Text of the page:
FT markets round-up: “Markets recovered some ground on upbeat Chinese economic data after weaker-than-expected figures from the core of the eurozone had rattled investor confidence. In the US, the Federal Reserve left benchmark rates unchanged as expected, and forecast low interest rates until mid-2015. The central bank also said it will continue with its programme to buy $40bn in mortgage-backed securities a month until the labour markets improve substantially. The S&P 500 ended the session on a weak note, falling 0.3 per cent to 1,408.76. The FTSE All-World equity index closed slightly lower after earlier trading down 0.3 per cent, while the FTSE Eurofirst 300 has pulled out of losses to close 0.5 per cent higher.” (Financial Times) Read more
Overheard in the FT newsroom: “The market is violently unchanged on the FOMC statement.”
In other words, a bit of a snoozer, as expected. That said, there will be a few things to watch for when the minutes come out, as we noted last week. Read more
Consider this chart from Bank of America Merrill Lynch:
What it shows is pressure building on the front-end of Euribor contracts. Short positions might be stacking up, apparently.
Why? It might be because there is speculation flitting about that European banks will begin to pay back some of their LTRO cash in the near future. Something not everyone thinks is likely to happen. Read more
Although actually, this is being touted as “the first civil fraud suit brought by the Department of Justice concerning mortgage loans sold to Fannie Mae or Freddie Mac,” directed at Countrywide/BofA. (Touted by the DoJ, of course)
There’s basically nothing happening. Sure we’ve got plenty of rhetoric, a Swiss franc floor and QE — but FX volatility is touching recent lows:
Live markets commentary from FT.com
It looks like Germany has decided that Greece hasn’t given up quite enough of its sovereignty yet. We know that Wolfgang Schaeuble wants to set up an escrow account to make sure loan installments stay out of Athens’ reach (in order to guarantee that debt repayments are made to creditors). But it seems that Berlin also wants to put any money from a Greek primary surplus into that account. Read more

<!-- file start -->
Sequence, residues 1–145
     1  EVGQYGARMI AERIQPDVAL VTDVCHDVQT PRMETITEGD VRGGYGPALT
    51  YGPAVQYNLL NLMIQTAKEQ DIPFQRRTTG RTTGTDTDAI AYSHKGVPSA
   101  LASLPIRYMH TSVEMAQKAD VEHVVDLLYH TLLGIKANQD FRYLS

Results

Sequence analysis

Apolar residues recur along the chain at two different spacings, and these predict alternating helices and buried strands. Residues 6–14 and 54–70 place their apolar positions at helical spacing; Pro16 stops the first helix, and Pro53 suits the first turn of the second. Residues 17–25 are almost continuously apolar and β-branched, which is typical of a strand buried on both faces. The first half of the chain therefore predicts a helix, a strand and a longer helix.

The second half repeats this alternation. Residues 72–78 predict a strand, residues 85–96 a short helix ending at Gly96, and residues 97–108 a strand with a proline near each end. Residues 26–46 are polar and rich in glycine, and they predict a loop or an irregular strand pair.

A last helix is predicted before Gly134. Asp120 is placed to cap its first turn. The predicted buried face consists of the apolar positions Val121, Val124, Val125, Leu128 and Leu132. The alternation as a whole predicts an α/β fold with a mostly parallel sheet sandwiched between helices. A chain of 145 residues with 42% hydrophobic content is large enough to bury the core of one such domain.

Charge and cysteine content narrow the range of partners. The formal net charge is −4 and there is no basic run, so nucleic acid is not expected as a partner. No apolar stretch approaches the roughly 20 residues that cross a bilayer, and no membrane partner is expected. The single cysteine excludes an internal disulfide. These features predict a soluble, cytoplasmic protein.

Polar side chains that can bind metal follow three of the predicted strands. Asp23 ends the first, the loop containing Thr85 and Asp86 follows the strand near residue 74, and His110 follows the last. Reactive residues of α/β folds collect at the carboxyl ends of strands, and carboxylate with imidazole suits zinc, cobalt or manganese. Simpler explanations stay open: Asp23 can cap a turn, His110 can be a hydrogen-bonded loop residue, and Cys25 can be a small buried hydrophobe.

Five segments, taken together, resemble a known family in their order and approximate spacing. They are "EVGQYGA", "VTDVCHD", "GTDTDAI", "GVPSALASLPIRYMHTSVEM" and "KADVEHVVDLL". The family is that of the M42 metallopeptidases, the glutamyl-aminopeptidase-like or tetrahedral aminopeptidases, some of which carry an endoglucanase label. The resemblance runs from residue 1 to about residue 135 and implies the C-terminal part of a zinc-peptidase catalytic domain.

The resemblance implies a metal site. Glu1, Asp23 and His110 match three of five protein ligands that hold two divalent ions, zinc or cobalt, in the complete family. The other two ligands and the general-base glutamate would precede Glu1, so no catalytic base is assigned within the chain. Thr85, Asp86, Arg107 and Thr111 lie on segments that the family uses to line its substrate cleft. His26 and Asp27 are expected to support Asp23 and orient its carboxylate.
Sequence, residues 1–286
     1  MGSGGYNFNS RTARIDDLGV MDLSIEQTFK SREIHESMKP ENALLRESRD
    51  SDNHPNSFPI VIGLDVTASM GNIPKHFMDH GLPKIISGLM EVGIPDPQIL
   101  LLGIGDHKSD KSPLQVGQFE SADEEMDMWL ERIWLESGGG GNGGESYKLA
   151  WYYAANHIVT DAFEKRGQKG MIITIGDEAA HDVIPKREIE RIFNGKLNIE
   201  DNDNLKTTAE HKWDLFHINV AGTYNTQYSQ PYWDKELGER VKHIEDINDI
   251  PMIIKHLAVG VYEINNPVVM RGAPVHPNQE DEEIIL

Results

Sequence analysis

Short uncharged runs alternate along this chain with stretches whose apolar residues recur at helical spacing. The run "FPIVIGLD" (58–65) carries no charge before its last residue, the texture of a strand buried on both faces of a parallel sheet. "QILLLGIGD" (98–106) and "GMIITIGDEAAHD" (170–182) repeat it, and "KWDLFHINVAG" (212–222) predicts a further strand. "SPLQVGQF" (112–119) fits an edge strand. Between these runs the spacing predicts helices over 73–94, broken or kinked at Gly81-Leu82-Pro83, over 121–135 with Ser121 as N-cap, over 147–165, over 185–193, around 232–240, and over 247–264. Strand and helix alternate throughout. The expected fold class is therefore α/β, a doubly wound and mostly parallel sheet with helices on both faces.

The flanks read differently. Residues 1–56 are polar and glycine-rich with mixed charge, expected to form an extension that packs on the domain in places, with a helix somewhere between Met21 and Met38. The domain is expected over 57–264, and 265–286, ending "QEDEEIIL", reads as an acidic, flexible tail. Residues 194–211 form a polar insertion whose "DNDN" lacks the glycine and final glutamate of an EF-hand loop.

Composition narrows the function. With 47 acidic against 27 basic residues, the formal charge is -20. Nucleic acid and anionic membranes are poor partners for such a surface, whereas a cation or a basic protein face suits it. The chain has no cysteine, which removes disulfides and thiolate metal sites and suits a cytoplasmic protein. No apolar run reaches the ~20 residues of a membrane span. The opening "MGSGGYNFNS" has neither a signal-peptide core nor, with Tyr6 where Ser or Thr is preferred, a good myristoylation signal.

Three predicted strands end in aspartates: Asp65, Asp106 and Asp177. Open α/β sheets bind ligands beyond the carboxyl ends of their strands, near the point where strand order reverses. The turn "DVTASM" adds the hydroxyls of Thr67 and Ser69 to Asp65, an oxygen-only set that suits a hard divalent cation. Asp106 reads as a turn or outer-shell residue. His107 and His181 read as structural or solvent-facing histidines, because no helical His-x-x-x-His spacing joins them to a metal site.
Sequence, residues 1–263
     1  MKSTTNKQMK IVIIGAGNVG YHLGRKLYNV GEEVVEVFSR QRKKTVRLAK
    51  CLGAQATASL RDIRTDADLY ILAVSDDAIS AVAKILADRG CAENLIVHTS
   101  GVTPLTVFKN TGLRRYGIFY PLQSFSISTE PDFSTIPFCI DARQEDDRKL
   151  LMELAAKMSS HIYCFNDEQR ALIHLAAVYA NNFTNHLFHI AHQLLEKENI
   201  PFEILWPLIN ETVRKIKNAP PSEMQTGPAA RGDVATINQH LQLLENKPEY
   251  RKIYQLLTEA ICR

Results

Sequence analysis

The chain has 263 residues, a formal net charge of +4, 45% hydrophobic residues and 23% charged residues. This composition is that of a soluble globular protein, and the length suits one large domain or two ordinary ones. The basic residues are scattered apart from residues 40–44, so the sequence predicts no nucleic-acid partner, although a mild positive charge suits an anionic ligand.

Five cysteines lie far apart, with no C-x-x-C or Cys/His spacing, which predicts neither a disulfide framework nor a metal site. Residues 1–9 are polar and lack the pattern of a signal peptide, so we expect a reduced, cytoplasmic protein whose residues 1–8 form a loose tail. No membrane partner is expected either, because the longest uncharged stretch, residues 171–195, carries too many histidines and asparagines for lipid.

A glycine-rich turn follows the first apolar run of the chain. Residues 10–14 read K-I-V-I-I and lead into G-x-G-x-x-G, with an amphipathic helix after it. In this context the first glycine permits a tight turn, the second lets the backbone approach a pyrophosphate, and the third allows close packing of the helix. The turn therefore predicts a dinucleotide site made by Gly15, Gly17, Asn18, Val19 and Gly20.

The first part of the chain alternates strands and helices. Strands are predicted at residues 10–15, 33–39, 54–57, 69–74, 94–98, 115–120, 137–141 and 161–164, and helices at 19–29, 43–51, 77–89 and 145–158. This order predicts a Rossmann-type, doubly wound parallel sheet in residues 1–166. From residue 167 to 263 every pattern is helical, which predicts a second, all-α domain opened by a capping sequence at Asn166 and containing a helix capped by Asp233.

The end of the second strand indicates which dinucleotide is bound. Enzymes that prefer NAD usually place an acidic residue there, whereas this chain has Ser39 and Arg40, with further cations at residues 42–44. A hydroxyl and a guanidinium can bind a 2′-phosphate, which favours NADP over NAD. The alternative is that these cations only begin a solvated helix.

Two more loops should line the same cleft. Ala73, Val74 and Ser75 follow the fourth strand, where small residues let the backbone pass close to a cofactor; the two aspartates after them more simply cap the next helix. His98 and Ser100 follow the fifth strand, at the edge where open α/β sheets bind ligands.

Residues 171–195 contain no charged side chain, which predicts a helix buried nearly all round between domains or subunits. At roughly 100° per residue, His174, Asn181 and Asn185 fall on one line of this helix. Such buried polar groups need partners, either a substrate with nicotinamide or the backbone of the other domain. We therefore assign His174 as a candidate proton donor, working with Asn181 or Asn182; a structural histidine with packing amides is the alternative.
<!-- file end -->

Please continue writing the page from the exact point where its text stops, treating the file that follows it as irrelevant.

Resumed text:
Former SocGen trader, Jerome Kerviel, has been handed a five year prison sentence (with two suspended) at the end of the final appeal for his conviction for covering up billions of euros in losses at the bank.
There’s also the small matter having to repay the €4.9bn it took to unwind his positions. Read more
Right, everyone has weighed in on the US recovery debate. Martin Wolf got in on the act on Wednesday arguing that and his voice has now been added to a plethora of others (see the ‘Related Links’ below if you want to catch up and a recent paper by Citi’s Sheets and Sockin which we’ve thrown in the usual place) with a consensus building on the R&R side of the argument.
Schularick and A Taylor have already weighed in on the US issue but where it gets fun now is that they have come back with a UK update (with our emphasis): Read more
What happened with all that European bank deleveraging?
Some of it is over with, says Barclays — leaving, by our estimates of their estimates, about €650bn* of deleveraging yet to be carried out among the major European banks they cover**. Quite big, but much less than the €1.5tn – €2.5tn being discussed late last year. Read more
Live markets commentary from FT.com
More euro gloom.
From S&P ‘s Global Fixed Income research team on Tuesday, “Europe’s Sovereign Crisis Continues To Erode Credit Quality.” Read more
US earnings raise fears for recovery || Facebook’s positive mobile surprise || Mini iPad price concerns || Coach’s earnings rebound || Republicans in new abortion controversy || Markets update Read more
Today’s China flash PMIs have been a little challenging to unpick. Inventories are down and input and output prices are up — but order backlogs are down, and so is employment, which HSBC notes is contracting at a faster rate. So the mountains of inventory are shrinking and price deflation (against trend) is no longer happening… but employment is down? Read more
It’s Eurozone flash PMI time again. It’s a sad time. From Markit:
The Eurozone sank further into decline at the start of the fourth quarter, with the combined output of the manufacturing and service sectors dropping at the fastest rate since June 2009.
Germany’s IFO survey didn’t help much either.
Do explore this gender heat map, courtesy of the World Economic Forum… Read more
A particularly charged address from the Governor, perhaps…
Asian stocks swing on poor US corporate outlook, improved Chinese PMIs || King warns BoE tools are reaching the limit of effectiveness || UBS to cut back investment bank || Apple’s mini iPad pricing disappoints || Facebook’s mobile advertising impresses || Martin Wolf on Reinhart-Rogoff and Bordo-Haubrich Read more
The preliminary HSBC/Markit China manufacturing PMI for October was 49.1 — the best result in three months and a decent jump from September‘s final reading of 47.9. Growth is still below trend, but is the relative improvement a sign that monetary easing is having an effect and/or stimulus is taking place? Read more